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Why is clarity so hard? ‘Nation’ tied itself in knots of verbiage

You remember when President Uhuru Kenyatta recently “dismissed the class” of Cabinet Secretaries to “go and rest”? The directive not only confused the public, even newspapermen, explainers of stuff, got lost.

The Nation on August 16 went with this headline: “Anxiety grips Cabinet as Uhuru sends ministers on leave.”

But instead of explaining what the heck happened, the paper wound up with what, in part, folks in Luoland would call, “dhogruok gi wach.” Or “rundrwok gi wach.” They tied themselves in knots of verbiage.

Awkward quotes punctuated many paragraphs.

Paragraphs 2: “Public Service Cabinet Secretary Margaret Kobia confirmed that they had been asked to ‘have some rest’ during what she referred to as a ‘working recess.’”

Paragraph 3: “People will continue working but there are no formal meetings.”

Paragraph 5: “During the working recess, the Cabinet, the Cabinet Committee and the Technical Committee will not have scheduled engagement unless otherwise directed by HE the President on urgent business, emergency or any other exceptional circumstance […].”

Well, wouldn’t these seven words have sufficed: “Cabinet is in recess, unless it’s not.” Which would make no sense. Absolutely.

But wait, the Nation opined that this looked like setting the stage for an imminent Cabinet reshuffle.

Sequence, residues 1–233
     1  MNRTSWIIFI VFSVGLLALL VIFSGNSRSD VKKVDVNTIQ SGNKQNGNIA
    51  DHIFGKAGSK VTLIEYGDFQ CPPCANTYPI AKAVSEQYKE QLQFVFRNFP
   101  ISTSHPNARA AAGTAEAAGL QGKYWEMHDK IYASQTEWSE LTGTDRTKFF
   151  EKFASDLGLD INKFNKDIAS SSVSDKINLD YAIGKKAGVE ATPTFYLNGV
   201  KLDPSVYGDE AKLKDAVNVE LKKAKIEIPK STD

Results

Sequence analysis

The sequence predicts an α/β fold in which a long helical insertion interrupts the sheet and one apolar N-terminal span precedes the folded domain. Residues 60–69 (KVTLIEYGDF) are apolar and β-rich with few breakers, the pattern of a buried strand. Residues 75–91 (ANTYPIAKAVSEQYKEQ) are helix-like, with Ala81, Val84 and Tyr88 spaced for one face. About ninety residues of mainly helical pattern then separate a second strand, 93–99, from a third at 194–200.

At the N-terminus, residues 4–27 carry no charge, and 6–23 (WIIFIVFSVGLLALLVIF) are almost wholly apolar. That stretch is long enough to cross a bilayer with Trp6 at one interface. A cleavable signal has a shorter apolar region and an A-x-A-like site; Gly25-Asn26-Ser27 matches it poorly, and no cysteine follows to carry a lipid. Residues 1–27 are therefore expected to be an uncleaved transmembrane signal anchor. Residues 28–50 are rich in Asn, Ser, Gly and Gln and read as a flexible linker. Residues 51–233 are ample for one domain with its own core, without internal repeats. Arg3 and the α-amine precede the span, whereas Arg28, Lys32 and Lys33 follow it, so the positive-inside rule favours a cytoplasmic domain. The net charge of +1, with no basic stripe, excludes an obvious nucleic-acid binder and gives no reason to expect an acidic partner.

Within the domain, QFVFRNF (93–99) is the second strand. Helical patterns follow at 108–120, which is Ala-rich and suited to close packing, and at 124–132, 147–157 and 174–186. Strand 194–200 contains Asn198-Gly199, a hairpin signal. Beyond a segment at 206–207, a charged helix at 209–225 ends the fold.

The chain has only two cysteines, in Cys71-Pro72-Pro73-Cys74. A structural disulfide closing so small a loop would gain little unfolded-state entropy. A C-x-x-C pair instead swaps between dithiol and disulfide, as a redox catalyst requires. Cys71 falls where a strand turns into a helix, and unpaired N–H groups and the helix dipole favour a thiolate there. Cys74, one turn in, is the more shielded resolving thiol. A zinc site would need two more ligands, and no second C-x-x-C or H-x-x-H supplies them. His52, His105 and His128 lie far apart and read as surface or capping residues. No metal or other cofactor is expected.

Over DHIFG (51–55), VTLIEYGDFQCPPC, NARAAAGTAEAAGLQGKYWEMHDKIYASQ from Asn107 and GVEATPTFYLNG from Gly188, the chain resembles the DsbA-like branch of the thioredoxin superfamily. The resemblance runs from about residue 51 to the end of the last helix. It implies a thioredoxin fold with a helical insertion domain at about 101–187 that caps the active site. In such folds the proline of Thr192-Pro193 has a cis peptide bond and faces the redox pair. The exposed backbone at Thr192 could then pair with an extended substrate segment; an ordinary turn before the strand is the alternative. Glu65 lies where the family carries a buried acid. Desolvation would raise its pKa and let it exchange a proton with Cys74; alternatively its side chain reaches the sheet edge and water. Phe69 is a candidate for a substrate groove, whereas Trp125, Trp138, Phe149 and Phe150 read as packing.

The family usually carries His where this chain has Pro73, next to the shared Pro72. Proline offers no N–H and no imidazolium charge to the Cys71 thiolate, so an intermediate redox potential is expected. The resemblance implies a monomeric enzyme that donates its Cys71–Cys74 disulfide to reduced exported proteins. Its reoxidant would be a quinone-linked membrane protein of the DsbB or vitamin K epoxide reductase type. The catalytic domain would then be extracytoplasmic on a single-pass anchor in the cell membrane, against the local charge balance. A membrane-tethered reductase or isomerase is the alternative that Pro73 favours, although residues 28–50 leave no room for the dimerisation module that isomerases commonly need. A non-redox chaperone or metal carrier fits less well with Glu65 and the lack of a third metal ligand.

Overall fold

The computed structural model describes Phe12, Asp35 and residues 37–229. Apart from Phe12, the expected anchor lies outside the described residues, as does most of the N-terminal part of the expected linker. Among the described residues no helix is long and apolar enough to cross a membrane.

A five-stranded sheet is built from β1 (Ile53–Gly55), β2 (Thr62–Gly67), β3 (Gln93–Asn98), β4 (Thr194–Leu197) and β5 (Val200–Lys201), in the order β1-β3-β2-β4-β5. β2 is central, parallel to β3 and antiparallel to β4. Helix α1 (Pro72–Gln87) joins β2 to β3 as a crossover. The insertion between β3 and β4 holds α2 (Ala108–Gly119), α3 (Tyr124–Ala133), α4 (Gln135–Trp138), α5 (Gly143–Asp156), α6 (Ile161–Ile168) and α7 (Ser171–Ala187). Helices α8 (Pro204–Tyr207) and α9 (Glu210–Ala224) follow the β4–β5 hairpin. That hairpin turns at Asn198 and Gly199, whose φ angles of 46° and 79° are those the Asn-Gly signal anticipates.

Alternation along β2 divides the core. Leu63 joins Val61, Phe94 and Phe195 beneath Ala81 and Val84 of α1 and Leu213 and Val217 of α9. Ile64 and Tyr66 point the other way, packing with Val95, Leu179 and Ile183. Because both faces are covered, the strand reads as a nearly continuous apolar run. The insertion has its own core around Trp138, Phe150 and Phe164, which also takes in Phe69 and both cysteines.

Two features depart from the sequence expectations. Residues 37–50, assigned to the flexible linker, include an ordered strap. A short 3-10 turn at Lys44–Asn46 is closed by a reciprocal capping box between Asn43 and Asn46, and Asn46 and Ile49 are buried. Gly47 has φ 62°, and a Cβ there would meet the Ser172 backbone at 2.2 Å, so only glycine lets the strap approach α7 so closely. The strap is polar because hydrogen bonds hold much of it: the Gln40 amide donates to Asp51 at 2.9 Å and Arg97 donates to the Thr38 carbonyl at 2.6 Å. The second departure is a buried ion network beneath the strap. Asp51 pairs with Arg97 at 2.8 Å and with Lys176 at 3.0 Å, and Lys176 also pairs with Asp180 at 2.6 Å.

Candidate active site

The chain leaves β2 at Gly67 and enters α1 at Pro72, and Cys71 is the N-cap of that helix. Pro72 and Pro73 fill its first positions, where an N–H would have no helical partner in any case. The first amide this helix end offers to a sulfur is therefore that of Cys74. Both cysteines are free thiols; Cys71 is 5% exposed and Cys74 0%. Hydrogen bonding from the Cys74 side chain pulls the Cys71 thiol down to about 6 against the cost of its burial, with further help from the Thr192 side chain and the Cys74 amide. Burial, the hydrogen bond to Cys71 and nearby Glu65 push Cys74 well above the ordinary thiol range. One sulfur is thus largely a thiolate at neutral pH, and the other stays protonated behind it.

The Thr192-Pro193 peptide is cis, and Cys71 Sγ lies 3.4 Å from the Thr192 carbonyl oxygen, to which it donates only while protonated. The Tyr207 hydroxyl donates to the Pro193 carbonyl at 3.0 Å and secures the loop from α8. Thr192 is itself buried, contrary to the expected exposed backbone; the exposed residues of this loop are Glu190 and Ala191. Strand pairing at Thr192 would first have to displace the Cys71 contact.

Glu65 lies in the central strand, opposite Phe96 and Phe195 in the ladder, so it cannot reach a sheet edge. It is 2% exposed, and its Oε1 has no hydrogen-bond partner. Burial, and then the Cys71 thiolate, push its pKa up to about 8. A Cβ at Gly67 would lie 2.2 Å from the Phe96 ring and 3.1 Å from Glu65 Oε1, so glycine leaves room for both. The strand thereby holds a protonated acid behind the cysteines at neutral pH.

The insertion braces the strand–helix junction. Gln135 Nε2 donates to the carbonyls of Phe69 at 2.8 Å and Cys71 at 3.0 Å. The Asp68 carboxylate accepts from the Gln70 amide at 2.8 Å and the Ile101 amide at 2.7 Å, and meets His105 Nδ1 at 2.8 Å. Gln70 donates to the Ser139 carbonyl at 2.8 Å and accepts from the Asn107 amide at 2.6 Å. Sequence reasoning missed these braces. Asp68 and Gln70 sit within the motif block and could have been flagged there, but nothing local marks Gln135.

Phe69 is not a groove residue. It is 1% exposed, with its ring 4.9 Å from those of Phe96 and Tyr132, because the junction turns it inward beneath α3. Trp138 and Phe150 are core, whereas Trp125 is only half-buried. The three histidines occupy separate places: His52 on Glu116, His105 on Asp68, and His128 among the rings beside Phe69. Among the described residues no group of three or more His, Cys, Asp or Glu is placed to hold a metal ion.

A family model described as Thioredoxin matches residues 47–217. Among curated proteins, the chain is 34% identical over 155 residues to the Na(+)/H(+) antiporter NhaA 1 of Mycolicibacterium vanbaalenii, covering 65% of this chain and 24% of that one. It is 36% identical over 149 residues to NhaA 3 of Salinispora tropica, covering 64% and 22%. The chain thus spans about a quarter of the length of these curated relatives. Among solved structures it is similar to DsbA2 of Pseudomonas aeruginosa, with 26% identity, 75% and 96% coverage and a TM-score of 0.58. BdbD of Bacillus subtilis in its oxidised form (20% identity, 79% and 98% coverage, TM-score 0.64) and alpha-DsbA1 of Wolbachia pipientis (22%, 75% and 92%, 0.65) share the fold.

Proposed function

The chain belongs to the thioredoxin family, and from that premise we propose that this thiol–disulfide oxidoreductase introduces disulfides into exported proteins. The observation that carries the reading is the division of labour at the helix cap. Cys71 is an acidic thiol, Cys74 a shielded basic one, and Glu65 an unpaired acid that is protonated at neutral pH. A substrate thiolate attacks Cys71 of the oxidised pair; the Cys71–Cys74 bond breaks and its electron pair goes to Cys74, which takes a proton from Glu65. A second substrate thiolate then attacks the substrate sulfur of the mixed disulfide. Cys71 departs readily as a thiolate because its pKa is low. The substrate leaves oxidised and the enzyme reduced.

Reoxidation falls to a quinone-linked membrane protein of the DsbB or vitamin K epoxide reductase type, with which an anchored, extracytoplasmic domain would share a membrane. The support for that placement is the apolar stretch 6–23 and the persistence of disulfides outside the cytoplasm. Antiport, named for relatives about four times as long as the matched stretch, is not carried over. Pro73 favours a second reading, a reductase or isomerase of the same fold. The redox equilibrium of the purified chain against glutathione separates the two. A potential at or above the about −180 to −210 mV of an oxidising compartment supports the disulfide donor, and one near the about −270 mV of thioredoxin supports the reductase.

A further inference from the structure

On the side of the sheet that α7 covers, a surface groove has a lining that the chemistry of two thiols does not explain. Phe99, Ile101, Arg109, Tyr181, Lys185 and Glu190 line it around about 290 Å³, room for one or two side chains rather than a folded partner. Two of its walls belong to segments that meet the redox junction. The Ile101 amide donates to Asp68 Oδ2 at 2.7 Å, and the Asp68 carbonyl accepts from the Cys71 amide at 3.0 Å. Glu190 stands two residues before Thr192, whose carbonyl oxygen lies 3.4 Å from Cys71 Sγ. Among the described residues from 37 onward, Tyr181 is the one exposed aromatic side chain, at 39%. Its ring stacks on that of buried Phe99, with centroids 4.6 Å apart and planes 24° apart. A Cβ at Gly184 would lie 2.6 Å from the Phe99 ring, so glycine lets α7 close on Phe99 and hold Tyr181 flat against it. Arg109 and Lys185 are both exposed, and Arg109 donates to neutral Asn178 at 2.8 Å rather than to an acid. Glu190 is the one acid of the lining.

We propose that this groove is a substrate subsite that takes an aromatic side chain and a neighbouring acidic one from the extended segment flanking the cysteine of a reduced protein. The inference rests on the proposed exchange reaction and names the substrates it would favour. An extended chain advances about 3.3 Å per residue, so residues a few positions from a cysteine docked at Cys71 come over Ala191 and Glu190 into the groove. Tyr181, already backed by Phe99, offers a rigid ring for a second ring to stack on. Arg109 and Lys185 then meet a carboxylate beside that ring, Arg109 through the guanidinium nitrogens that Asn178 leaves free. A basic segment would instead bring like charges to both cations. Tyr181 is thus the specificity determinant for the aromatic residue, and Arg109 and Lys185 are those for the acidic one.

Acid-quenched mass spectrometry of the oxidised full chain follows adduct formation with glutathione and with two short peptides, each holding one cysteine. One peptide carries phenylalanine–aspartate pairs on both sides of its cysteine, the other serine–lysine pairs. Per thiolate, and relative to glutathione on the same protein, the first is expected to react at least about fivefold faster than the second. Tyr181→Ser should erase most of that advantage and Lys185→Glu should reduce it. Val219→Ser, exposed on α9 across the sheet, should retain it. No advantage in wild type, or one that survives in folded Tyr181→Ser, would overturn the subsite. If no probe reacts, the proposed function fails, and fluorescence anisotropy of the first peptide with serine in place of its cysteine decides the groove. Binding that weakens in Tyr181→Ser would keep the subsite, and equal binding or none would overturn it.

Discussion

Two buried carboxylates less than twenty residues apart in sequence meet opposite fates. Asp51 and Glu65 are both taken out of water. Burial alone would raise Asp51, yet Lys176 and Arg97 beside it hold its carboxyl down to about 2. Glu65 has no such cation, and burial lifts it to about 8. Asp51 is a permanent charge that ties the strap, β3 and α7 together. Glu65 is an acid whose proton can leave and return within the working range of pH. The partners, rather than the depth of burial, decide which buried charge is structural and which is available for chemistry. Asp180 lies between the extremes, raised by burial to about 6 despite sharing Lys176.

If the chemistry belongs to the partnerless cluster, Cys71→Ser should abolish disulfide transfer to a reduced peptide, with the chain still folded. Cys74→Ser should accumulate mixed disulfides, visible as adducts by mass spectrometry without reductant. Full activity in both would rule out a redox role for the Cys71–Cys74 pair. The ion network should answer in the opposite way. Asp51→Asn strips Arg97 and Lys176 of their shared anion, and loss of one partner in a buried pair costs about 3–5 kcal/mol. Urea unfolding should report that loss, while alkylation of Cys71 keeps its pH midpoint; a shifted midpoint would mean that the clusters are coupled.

Yeah. The house on the hill has been tossing this trial balloon for… how long now, two years?

Still, paragraphs 1, 7, 19, 22, cited “speculation of major reorganisation in government,” “looming Cabinet reshuffle,” “looming changes,” and “serious reorganisation looming,” respectively.

Clearly, one “looming” was not enough. What stood out, however, was a meandering story with a hard-to-find thread.

For a story that started out with this intro, “Anxiety has gripped the Cabinet after President Uhuru Kenyatta on Friday directed all ministers and principal secretaries to proceed on a compulsory 14-day leave […],” paragraph 10 suddenly said that three ministers who were not in Nairobi admitted they were not in the loop.

Would these three be excluded from the “anxiety” that had “gripped the Cabinet?” Did State House order recess by SMS or WhatsApp or, oh one would hope, using proper government stationery?

Never mind. This thought was left hanging. Because the next paragraph may as well have dropped from the moon:

Paragraph 11: “The fact that Covid-19 has already reduced government business, with staff aged 58 years and above either working from home or on leave, pundits were yesterday in agreement that there is more than meets the eye in the move.”

Now what does that explain? What exactly were pundits “in agreement” about here?

Paragraph 12: “In his virtual address on World Youth Day on Wednesday, President Kenyatta hinted at bringing more young people into the last leg of his government.”

Oh, there are legs in government? How many? What is a leg?

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